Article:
Sundance Diaries: Composer Amanda Jones

  • January 30, 2021
  • Share Facebook

Composer Amanda Jones has been busy since I interviewed her one year ago at the 2020 Sundance Film Festival for a KRCL piece on music in film. In the past 365 days, she has worked on two episodes for HBO Max's "Adventure Time" series; composed for a Free Form project called "Love in the Time of Corona" (as well as another Free Form project called "Good Travel," which airs in February); began working on docs for CNN and National Geographic and became the first African-American female to be nominated for an Emmy in the Primetime Score category for her work on Apple TV+'s "Home."

RadioActive Extra: Listen Here

"It was such a whirlwind last year and it continues to be pretty busy," Jones said, something that she is appreciative of during a time when much of the world has been in and out of shutdown. "I've been busier than ever. Transitioning to the online space is something that I was already doing before COVID. My work has been the same and my flow has been all-virtual environment. I am grateful that I was already transitioning to that space."  

Adding to her to-do list, Jones is back at Sundance as part of the American Society for Composer, Authors and Publishers (ASCAP) Music Café's Screen Time editions of VERSED: The ASCAP Podcast. Jones will be part of a conversation with "This Is Us" composer Siddhartha Kohsla on January 30, at 1:00 p.m. MST.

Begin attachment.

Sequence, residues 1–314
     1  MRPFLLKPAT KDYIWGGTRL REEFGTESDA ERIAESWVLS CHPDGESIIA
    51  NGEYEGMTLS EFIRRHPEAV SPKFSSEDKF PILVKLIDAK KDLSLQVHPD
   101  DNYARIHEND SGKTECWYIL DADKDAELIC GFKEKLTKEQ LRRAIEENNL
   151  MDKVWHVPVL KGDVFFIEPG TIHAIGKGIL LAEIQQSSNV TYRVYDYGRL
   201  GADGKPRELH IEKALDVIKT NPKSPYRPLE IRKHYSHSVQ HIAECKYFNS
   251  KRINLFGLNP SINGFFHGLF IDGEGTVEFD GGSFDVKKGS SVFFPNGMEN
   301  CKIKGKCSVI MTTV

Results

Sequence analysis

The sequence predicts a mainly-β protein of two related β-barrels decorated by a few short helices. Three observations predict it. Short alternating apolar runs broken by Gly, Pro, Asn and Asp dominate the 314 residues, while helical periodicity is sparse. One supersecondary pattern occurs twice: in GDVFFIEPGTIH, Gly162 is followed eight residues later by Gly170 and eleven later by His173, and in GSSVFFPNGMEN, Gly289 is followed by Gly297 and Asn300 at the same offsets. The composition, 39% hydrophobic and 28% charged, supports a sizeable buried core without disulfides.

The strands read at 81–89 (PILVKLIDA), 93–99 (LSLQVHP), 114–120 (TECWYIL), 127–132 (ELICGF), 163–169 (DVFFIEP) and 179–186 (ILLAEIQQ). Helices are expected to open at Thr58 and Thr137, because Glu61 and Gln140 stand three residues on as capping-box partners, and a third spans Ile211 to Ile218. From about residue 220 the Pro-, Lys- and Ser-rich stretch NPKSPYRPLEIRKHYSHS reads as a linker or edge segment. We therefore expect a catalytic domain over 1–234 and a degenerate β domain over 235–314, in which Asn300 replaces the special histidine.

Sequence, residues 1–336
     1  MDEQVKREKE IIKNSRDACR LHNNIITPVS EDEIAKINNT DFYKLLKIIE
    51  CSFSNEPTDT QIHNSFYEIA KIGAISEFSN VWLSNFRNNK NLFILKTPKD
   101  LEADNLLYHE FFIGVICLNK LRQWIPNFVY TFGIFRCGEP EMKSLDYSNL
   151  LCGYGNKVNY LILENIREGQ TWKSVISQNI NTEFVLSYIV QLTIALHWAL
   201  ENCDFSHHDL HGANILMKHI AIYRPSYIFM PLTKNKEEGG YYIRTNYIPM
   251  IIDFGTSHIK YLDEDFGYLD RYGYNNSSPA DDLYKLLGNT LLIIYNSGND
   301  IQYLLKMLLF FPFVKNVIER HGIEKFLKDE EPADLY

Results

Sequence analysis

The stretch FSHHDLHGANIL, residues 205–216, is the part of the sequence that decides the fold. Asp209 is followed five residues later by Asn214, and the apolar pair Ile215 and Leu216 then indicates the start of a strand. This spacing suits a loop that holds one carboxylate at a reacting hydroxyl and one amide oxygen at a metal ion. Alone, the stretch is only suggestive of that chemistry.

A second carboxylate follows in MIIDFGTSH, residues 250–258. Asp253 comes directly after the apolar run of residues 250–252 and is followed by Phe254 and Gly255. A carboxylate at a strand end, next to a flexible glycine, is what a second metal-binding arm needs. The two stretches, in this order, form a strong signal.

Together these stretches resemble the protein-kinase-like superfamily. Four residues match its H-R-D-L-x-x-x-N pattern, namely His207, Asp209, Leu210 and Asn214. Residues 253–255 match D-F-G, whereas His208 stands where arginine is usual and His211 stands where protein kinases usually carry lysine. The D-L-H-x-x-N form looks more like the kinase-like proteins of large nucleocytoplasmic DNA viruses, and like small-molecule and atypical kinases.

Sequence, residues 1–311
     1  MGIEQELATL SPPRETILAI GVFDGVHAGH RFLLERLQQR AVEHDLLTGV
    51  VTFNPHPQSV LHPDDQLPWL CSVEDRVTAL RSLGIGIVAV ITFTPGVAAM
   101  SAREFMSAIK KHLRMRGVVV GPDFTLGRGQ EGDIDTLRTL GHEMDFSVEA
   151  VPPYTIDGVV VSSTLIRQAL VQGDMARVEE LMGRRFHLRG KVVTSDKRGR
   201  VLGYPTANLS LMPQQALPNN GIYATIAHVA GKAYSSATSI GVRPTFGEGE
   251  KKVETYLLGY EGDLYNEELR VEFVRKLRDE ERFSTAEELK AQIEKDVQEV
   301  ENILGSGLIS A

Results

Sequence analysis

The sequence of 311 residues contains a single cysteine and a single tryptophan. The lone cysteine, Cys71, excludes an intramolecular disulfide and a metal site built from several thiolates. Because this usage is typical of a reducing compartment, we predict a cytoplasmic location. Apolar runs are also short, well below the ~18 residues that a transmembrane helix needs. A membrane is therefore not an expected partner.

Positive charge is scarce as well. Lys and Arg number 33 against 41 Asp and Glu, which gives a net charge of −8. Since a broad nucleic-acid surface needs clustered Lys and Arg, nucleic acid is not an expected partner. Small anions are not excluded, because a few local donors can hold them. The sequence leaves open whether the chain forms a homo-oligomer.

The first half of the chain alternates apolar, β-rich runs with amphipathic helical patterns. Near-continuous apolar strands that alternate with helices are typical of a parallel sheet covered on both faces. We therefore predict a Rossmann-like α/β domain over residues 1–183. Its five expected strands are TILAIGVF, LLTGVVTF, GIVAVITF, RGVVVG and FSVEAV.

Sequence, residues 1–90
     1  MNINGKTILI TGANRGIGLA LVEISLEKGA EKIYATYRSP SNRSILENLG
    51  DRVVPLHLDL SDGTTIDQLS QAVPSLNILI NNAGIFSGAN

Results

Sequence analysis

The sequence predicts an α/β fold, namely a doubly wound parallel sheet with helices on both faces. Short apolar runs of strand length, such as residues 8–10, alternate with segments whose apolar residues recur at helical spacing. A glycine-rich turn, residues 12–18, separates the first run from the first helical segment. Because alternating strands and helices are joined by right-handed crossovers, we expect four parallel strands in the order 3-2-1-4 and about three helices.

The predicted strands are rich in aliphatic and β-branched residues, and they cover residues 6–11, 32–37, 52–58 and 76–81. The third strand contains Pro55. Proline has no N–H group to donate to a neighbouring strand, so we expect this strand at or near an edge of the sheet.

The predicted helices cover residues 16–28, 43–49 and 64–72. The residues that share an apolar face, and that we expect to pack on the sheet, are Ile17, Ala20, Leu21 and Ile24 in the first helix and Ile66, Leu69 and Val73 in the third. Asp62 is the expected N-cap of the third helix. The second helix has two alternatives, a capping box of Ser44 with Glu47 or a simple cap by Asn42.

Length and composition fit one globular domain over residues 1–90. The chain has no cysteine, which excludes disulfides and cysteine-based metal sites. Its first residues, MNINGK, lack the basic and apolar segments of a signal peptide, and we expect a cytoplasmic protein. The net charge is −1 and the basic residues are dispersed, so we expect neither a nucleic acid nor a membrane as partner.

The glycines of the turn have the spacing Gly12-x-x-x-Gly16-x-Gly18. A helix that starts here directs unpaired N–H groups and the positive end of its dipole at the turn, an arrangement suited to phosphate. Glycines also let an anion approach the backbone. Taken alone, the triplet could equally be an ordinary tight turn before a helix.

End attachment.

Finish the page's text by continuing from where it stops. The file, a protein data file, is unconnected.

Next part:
Virtual attendees can look forward to hearing Jones talk about her experience in the industry and what makes her a standout voice in the community. "The magic of being an artist is what you bring to it. For me, I come from a songwriter background transitioning to a band performer background to a composer space," Jones said. "I felt like I was able to bring years of developing my own artistic voice first into that transition as composer. Even when I am given a brief to create something similar, I am always bringing my artistic self to that work and to that project. There is a throughline to all of my work. It has a dreamy surreal element to it, and I feel like people are hearing it and connecting with it." 

Jones said that virtual attendees participating in the VERSED conversation with her and Kohsla will be able to gather tips about their workflow, how they communicate with directors and showrunners and how they stay creative and excited during COVID. Jones promised a fun conversation that, hopefully, will allow her the opportunity to shed some light on succeeding in a field that has few women and people of color working in it. 

"There are some days where I am walking a tightrope and feel I need to be exemplary being a person of color and being a woman in my field. I do feel a pressure where I can't let people down if I don't perform," Jones said. "There's so few women; so few black women and people of color. I feel like whatever my output of work is, it needs to be fantastic and incredible."

Jones said that while she certainly feels the pressure, she wants to make herself accessible to help create a path for others to make their way into composing for film. "I need to offer a guiding light to the next generation of women, black women and people of color," Jones said. "I am very accessible because I feel like it's very important to debunk some of the mysticism to becoming a composer so there's more people in the field."

ASCAP Music Café begins at 5 p.m ET/ 3 p.m. MT/ 2 p.m. PT each day through February 1.